Normal teenage behavior can send most parents running for the hills: rudeness, untidiness, moodiness, rebellion, and a chip on their shoulder the size of Mount Everest, are all part and parcel of raising a teen. However, what if these are merely an indication of something more serious going on?
Stroppy Behavior or Something Else?
Mental health problems in teens are often slow to be diagnosed, and this is probably partly because most parents expect to see some degree of erratic and moody behavior from their adolescents, and so early signs of a mental illness are written off as normal teenage hormones.
However, there will be clear distinctions between teen angst and a mental health issue, most notably how long the behavior continues for. Teens suffering with a mental health concern will have prolonged periods of unusual behavior, unlike normal teen strops, which invariably come and go. Things to keep an eye out for are:
Isolation from every-day life and refusal to communicate
Violence, aggression or damaging property
Drop in school grades, or stopping activities they once found enjoyable
Suddenly associating themselves with a certain group, and dressing or acting accordingly
Abusing substances such as alcohol or drugs
Voicing concern that they might hurt themselves or someone else
Complaining of physical ailments such as headaches and stomach ache
Voicing feelings of sadness, or often seeming worried, guilty, or angry
Most of these, in a mild form, are typical of teens, and there is no need to worry if you notice them occasionally. What separates this common behavior from a mental health illness is that the latter is sustained, and lasts longer than a couple of weeks.
How Common Are Mental Health Problems in Teens?
Mental health issues among teens are probably a lot more common than you might imagine. The National Institute of Mental Health (NIMH) reported on a study of over 10,000 teens, with results showing “overall, nearly half of the sample reported having met diagnostic criteria for at least one disorder over a lifetime,” and that “about 20 percent reported that they suffered from a mental disorder with symptoms severe enough to impair their daily lives.”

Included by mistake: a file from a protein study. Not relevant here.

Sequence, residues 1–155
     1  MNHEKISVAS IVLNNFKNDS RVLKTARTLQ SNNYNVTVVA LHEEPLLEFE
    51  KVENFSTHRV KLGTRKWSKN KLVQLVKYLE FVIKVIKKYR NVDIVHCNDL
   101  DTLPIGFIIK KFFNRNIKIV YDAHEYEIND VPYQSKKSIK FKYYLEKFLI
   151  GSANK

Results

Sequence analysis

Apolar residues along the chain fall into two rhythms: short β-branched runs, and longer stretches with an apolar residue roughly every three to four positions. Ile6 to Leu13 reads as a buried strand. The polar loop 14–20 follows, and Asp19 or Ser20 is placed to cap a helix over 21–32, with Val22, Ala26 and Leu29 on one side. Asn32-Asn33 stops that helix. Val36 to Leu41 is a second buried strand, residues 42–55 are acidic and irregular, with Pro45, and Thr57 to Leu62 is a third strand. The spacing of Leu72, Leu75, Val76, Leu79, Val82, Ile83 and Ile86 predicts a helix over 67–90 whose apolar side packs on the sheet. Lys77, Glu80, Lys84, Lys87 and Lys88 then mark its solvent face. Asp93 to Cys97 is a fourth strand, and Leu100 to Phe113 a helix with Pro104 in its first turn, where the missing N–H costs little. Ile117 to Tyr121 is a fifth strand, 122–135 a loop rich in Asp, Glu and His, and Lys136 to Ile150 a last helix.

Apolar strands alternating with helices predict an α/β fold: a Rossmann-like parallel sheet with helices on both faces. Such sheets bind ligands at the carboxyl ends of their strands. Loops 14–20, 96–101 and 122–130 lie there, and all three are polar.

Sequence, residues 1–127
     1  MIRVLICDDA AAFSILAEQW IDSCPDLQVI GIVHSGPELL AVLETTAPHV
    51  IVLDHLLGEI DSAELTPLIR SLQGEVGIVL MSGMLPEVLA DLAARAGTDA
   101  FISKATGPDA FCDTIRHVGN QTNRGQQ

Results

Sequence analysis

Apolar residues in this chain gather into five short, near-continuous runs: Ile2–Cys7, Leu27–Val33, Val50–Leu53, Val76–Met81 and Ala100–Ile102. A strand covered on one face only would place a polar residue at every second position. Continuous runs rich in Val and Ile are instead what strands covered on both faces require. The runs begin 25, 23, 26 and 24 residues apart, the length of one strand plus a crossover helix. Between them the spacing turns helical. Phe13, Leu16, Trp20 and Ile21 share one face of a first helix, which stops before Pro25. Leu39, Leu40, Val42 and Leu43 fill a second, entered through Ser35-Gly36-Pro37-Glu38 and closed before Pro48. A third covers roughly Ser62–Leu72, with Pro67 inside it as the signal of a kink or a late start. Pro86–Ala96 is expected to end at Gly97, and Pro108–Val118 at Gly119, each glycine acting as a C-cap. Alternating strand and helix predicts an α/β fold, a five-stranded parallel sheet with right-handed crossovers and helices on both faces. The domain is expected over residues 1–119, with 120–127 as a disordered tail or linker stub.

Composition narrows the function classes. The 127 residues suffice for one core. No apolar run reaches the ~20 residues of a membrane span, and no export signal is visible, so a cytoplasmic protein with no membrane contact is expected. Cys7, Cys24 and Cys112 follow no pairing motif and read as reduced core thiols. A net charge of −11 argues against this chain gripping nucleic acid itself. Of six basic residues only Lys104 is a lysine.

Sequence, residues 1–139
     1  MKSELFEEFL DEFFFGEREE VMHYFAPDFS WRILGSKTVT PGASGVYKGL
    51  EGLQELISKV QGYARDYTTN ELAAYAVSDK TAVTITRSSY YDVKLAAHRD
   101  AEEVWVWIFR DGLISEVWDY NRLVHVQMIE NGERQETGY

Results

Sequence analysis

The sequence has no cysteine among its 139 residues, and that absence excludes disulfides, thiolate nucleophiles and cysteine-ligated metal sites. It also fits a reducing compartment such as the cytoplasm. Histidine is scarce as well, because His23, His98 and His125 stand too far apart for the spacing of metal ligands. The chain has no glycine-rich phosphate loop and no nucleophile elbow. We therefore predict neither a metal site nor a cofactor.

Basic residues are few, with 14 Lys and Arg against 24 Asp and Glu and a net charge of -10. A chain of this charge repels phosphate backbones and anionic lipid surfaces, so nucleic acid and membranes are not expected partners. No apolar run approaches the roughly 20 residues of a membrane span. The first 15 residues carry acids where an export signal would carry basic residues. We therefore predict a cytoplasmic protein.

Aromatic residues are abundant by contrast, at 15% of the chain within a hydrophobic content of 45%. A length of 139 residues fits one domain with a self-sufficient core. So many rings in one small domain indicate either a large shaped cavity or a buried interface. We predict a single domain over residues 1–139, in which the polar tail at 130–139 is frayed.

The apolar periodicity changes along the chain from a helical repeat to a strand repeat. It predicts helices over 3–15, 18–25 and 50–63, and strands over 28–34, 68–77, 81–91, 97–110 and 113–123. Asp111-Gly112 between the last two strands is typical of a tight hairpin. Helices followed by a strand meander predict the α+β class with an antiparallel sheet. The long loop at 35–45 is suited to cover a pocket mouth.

What is perhaps more alarming is that many cases of teenage mental health issues are not recognized or adequately treated. Results from a further NIMH study found that only half of the adolescents experiencing mental health issues actually received help from professional services.
Seeking Advice if you Suspect your Child has a Mental Illness
Firstly, it is important not to panic. Although the stigma about mental health is slowly dissolving, with people way more educated about the subject, and fewer portrayals of sufferers as crazed maniacs, a parent’s first reaction to realizing that their child is dealing with a mental illness is fear. Many worry about what others will think, and sometimes parents are afraid to seek medical help because they believe they might be blamed for whatever is wrong with their child. However, if you are concerned at all, it is always better to speak with your doctor, who will either set your mind at ease, or seek further evaluation for your teen.
The good news is that most mental health illnesses are treatable, and the majority of teens will go on to have successful, happy lives. The course of treatment varies greatly depending on what the mental health issue is, and the severity.
In most instances, counseling will be the first port of call. This could involve Cognitive Behavioral Therapy (CBT) which allows teens to look at their behavior, why it affects them, and how negative patterns can be recognized and changed. Other forms of therapy might include family, which helps them work on family dynamic issues, and how to deal with conflict, or interpersonal, which concerns socializing with other groups they come into contact with.
In some cases, medication might be a route that is taken, although other solutions are usually sought for teens before this is considered. Medication is generally necessary for serious psychotic illnesses, like schizophrenia and bipolar, or for ADHD and anxiety, where resuming normal life might be difficult without them.